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Honda Held Accountable for False Advertising of Civic Hybrid
Sometimes small claims court is the way to go for dispute resolution. While you might think that to be the case only when the stakes are low, a California woman proved today that small claims awards can far exceed the redress offered in some class action settlements. Exactly one month ago today I wrote about Heather Peters’ one-woman crusade against Honda. Heather is a dissatisfied customer who purchased a 2006 Honda Civic Hybrid only to learn that the car didn’t even come close to its marketed fuel economy.
Heather is not the only one who’s ticked off about the misleading mileage claims made about the 2003-2009 Civic Hybrid and as a result Honda currently is defending five separate class action lawsuits in various California state courts. The false advertising suits against Honda claim that the company misrepresented the fuel economy of its 2003-2009 Honda Civic Hybrid model automobiles to the detriment of the purchasers of the car, who paid a premium for the car while not saving any money on gasoline.
Dismayed by the inadequate settlement offer made by Honda to members of the class action lawsuits ($100 + $1,000 rebate on a new Honda), Ms. Peters opted-out of the Class and filed her own California small claims suit for $10,000! She encourages others to do likewise on her DontSettleWithHonda.org website, which I bet a lot more people are considering since Heather announced the $9876.19 judgment awarded in her suit against Honda yesterday.
As reported on Huffington Post, “Peters, a former lawyer, said she is renewing her legal license after a 10-year lapse so she can consult with other Honda owners. She is also posting all the paperwork from her small claims suit online as a guide for others contemplating such suits.” Peters already posted the 26 page Order on her site. According to the Order, Peters v Honda took a total of 3 hours to try, which the court notes is longer than most small claims cases but expedited compared to other means of litigation for such a case (boy is that an understatement!).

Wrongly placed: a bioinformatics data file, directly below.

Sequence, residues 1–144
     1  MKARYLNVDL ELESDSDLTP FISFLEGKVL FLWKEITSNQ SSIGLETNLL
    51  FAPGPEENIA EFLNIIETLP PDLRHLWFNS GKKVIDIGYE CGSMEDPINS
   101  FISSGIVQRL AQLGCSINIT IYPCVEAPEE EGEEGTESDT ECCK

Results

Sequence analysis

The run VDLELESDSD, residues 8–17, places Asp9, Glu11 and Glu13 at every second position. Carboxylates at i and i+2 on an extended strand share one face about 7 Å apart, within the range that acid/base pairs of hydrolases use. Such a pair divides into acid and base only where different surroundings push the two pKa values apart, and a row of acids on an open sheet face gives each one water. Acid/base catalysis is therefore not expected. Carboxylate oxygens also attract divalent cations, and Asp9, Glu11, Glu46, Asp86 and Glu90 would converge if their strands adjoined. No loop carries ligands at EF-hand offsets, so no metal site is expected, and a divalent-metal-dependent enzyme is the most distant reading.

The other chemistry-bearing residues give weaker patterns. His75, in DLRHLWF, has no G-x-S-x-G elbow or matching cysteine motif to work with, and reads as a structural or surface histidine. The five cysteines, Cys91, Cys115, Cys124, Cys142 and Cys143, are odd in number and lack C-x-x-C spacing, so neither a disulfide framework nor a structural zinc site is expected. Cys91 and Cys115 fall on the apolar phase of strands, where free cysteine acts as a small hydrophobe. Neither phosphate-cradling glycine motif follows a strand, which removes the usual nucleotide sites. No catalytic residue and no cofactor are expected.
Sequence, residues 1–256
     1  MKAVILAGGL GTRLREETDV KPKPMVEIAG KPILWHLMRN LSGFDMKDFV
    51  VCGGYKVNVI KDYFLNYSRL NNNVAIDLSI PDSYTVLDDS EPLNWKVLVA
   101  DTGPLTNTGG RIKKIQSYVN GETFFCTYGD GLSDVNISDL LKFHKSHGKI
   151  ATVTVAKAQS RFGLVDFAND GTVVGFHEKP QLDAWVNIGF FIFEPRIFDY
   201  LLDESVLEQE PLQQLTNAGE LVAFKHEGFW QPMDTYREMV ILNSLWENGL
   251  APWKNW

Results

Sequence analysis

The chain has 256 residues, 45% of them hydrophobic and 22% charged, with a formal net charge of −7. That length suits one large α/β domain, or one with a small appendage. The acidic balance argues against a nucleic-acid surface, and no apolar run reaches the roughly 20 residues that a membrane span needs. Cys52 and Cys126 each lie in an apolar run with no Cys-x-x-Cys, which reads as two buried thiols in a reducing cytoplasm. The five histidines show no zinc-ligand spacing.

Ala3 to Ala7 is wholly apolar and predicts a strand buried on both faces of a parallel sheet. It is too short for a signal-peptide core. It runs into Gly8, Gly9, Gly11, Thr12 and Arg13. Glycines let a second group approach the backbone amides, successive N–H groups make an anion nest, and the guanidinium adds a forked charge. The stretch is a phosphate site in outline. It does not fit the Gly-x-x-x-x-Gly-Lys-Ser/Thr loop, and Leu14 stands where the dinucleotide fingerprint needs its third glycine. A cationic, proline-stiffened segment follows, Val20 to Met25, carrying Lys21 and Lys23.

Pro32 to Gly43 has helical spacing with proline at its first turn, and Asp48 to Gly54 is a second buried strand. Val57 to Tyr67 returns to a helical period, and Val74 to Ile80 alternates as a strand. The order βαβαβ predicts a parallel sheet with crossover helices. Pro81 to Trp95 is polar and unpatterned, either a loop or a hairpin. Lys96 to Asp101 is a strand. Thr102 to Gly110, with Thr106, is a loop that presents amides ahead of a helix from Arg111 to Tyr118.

The Order begins by reciting the nature of Peters’ suit: fraudulent representations of gas mileage and hybrid performance and fraudulent inducement to install a software upgrade that made things worse. Peters contended that the original mileage performance of her 2006 Civic Hybrid and the utility of the 2010 software update were misrepresented to her in advertising and otherwise causing her financial damage to the tune of $122,113.46, reduced to the $10,000 legal limit for small claims in California.
Ms. Peters represented herself (surely finding her former legal experience a bonus) and Honda was represented by a Technical Specialist (in what is unknown), Mr. Neil Schmidt. California law prohibits attorneys from appearing on behalf of clients in small claims proceedings, though it specifically allows attorneys to provide advice to a party to a small claims action, either before or after the commencement of the action. The court took care to note in its Order that its opinion is not precedential, clearly indicating that others may not rely on this opinion in any subsequent small claims suits against Honda (of which I predict an onslaught). The court acknowledged that Peters opted-out of the Lockabey v Honda Class action suit in San Diego Superior Court enabling her to seek redress in small claims court.
The court opined that Peters could have brought her action against Honda on 4 different legal grounds: (1) California Consumer Legal Remedies Act (Civil Code 1770 et seq.); (2) California Unfair Competition Law (Bus. & Prof. Code 17200 et seq.); (3) California false advertising law (Bus. & Prof. Code 17500 et seq.); and (4) Common law theories of misrepresentation (CA Civil Code 1571–1572 and 1709–1710 and related case law). After several pages of factual evaluation, the court found that Honda made several misleading representations and engaged in false advertising of its Civic Hybrid and awarded Peters damages for the cost of a new IMA battery, her fuel costs and diminution in value — the difference between what she paid for the hybrid vs what she would have paid for a gasoline powered Honda Civic. The Huffington Post article states Honda plans to appeal, so while the case isn’t anywhere near over yet, the score remains Peters 1 Honda 0.
Truth in advertising pays in spades. Nowadays when facts can be checked quicker than ever it doesn’t pay to mislead one’s consumers. The truth ultimately gets revealed and companies who act disingenuously end up looking bad and losing market share.
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